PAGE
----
A monthlong underwater research mission led by the grandson of famed oceanographer Jacques Cousteau will begin on June 1. The so-called aquanauts will spend 31 days living and working in an underwater laboratory off the coast of Florida.
Ocean News Weekly provides you with the most useful and timely information regarding our efforts.
Weekly update from Bob Gagosian, President/CEO of the Consortium for Ocean Leadership.
An international team of scientists has discovered new relationships between deep-sea temperature and ice-volume changes to provide crucial new information about how the ice ages came about.
Miami could know as early as 2020 how high sea levels will rise into the next century, according to a team of researchers including Florida International University scientist Rene Price.
A single strain of marine bacteria called Alteromonas may consume as much dissolved carbon in the ocean as an entire, diverse bacterial community, according to a new study.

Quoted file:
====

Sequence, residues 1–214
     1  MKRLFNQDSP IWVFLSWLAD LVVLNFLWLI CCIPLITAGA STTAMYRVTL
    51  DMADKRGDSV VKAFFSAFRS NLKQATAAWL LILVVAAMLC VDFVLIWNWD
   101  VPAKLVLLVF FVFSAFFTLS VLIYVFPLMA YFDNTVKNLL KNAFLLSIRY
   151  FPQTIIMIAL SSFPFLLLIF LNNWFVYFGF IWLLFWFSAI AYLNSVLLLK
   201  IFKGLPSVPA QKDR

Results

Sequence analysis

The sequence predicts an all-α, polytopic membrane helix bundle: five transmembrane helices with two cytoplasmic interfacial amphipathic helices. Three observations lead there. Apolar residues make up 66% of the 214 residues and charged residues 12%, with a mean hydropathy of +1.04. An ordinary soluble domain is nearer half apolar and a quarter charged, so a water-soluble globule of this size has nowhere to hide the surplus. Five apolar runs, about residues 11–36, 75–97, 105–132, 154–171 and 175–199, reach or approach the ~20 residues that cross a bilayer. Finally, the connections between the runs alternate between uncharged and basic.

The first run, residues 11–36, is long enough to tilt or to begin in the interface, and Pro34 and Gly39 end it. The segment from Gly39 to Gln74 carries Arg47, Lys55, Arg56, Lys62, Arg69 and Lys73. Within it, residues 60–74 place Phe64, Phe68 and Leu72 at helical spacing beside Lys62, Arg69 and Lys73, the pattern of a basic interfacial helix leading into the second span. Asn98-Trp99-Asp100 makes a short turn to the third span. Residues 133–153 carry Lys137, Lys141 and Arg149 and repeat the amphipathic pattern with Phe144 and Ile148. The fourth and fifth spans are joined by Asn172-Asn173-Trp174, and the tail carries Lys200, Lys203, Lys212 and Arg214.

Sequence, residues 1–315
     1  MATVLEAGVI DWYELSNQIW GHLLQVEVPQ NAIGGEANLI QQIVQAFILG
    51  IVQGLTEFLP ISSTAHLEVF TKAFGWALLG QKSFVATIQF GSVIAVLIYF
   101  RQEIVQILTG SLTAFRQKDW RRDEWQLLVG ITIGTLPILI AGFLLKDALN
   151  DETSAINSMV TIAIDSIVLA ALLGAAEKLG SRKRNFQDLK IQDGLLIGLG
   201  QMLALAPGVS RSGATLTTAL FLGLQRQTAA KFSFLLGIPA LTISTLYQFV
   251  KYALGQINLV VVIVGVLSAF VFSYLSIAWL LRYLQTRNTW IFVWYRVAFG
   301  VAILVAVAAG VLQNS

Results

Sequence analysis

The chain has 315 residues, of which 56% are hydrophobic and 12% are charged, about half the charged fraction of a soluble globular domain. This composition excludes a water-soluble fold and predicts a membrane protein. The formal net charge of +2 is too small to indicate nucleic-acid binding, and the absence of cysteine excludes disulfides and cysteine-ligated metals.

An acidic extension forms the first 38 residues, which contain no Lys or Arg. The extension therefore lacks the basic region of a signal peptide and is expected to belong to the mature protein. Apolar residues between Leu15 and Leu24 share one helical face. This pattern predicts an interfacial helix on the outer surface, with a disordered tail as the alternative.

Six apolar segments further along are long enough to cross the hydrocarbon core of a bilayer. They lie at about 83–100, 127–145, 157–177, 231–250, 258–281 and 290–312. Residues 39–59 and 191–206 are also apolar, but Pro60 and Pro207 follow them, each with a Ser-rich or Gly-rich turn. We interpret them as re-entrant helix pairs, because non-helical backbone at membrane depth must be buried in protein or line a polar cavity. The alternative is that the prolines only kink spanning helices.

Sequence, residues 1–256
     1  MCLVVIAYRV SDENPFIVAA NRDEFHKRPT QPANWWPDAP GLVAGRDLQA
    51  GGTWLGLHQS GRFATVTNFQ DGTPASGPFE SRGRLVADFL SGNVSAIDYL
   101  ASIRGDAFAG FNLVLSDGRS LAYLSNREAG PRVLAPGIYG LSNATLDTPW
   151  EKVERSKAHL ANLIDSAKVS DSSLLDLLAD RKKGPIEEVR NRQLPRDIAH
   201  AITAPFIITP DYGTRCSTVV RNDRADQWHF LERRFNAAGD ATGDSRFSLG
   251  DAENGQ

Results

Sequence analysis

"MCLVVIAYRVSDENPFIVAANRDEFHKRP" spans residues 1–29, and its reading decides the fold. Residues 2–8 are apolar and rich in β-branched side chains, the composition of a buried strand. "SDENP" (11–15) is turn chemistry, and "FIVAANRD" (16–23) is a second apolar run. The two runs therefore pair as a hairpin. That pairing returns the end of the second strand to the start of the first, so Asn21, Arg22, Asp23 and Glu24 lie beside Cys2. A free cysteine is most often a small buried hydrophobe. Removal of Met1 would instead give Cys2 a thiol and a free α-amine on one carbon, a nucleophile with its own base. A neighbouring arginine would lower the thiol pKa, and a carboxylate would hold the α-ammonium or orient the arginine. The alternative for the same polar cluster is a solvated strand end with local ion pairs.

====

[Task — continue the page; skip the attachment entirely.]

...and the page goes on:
In the first study of its kind, scientists have compared air pollution rates from 1850 to 2000 and found that anthropogenic (human-made) particles from Asia impact the Pacific storm track that can influence weather over much of the world.
Killer sponges sound like creatures from a B-grade horror movie. In fact, they thrive in the lightless depths of the deep sea.
The headwaters for Puget Sound’s famously rich waters lie far below the surface, in a submarine canyon that draws nutrient-rich water up from the deep ocean.
Research on the behaviour of coral reef fish at naturally-occurring carbon dioxide seeps in Milne Bay in eastern Papua New Guinea has shown that continuous exposure to increased levels of carbon dioxide dramatically alters the way fish respond to predators.